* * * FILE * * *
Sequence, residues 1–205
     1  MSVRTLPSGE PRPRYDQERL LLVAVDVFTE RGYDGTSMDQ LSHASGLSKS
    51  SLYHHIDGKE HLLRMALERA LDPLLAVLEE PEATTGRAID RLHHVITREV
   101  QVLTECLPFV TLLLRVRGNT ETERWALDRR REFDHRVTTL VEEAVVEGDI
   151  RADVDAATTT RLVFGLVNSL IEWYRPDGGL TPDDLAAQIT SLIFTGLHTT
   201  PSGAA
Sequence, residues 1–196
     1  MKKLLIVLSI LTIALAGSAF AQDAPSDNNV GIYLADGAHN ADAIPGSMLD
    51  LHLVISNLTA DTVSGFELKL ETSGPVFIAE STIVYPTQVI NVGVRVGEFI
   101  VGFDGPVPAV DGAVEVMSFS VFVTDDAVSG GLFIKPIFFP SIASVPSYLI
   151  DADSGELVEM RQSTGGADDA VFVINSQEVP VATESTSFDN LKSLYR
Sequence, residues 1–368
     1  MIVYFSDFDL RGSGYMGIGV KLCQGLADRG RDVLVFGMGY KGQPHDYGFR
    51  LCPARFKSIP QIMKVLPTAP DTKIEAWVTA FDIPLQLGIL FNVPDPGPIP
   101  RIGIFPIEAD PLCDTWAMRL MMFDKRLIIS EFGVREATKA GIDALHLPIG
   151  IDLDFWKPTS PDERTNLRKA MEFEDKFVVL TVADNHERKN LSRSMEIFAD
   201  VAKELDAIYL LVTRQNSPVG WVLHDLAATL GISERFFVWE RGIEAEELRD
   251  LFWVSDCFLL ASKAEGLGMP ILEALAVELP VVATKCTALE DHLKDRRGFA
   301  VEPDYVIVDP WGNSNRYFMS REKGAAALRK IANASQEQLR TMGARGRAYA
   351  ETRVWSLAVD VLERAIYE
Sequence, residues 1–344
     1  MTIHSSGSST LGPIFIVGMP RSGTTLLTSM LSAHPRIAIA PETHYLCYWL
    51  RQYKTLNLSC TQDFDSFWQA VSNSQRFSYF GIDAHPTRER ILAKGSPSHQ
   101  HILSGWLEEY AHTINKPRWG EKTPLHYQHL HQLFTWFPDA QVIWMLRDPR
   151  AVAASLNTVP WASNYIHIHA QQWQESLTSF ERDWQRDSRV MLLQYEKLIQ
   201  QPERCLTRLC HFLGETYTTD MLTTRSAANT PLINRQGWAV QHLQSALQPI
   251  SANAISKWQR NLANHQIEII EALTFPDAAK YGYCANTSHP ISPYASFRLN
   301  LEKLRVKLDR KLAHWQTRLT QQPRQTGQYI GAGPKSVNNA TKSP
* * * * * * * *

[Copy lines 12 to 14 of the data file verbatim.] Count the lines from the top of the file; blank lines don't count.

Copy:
Sequence, residues 1–368
     1  MIVYFSDFDL RGSGYMGIGV KLCQGLADRG RDVLVFGMGY KGQPHDYGFR
    51  LCPARFKSIP QIMKVLPTAP DTKIEAWVTA FDIPLQLGIL FNVPDPGPIP